Can a court decide a case in the absence of contesting parties? The answer is NO. But the Madras High Court has decided a civil dispute between a cement company and the Tamil Nadu government in the absence of both the parties.
Surprised at the manner in which the case was decided, the Supreme Court has set aside the order, saying disposal of the case without the knowledge of the contesting parties is “not justified”. It has asked the court to decide the case afresh “after giving the opportunity of hearing to the parties”.
The case relates to a bill that the Tirunelveli district collector sent to India Cements Ltd for use of water from the Tamirabarani river for manufacturing cement in its factory on the bank of the river.
The cement company challenged the water bill slapped on it by the state government in the HC and a single-judge bench in September 2006 quashed the order demanding water charges from the company. The state challenged the order before a division bench. The HC registry posted the appeal for hearing in the third week of March 2008.
But suddenly the division bench on March 18, 2008 took the case out of the weekly list and decided it in the absence of the parties. It allowed the state’s appeal on the ground that courts cannot interpret an agreement in a writ petition and that the parties had civil remedy available to them for resolution of the dispute.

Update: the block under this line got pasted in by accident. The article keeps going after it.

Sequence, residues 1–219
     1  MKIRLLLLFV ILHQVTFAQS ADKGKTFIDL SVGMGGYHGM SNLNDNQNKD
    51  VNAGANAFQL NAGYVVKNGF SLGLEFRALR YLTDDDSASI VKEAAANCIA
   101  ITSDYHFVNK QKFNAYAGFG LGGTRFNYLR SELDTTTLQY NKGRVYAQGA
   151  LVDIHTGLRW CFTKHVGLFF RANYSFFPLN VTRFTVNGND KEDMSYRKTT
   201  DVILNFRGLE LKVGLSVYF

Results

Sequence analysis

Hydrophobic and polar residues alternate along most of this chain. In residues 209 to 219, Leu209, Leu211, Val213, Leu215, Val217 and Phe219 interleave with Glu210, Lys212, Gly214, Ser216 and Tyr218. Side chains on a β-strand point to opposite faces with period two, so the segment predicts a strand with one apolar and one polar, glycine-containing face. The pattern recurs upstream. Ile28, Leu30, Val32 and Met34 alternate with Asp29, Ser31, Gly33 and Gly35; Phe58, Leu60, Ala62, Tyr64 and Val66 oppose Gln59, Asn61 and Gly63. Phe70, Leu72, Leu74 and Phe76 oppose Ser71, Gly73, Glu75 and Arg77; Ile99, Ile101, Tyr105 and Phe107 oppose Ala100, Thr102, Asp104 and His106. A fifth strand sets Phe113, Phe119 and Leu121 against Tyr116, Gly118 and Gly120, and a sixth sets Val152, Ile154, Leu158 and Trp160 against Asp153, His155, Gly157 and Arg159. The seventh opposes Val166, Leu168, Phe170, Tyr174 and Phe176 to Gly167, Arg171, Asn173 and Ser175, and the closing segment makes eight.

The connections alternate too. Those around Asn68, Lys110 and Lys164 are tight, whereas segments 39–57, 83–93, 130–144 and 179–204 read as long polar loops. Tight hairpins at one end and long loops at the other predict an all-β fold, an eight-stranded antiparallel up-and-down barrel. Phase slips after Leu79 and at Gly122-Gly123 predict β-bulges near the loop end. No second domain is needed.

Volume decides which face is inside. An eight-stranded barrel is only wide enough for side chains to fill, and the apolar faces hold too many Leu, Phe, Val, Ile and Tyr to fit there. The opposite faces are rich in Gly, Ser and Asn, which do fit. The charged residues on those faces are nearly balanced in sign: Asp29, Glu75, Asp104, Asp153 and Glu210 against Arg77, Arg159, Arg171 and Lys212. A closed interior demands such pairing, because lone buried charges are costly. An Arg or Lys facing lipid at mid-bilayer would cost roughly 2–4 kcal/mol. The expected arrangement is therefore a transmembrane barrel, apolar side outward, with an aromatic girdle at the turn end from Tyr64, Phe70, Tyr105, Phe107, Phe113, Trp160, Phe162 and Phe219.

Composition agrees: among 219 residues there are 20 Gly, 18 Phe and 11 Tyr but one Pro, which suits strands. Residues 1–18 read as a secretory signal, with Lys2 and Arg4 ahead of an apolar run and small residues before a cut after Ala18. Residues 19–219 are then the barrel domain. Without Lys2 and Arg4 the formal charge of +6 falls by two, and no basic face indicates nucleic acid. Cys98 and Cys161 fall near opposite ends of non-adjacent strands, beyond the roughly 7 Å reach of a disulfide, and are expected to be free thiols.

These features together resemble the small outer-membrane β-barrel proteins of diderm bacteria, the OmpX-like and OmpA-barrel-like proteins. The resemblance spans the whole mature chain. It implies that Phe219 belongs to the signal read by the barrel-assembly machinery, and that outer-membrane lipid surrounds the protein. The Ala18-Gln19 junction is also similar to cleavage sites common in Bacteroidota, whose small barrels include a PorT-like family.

Aggrieved by the order, the cement factory moved the SC, which was surprised by the HC’s disposal of the case without the knowledge of both parties. “It is not in dispute that the writ appeal filed by the respondent (state) was not shown in the daily cause list and it was taken up from out of the weekly list without notice to the parties or their counsel and as a result none could represent the parties...” the SC said, asking the HC to decide the state’s appeal after properly hearing the parties.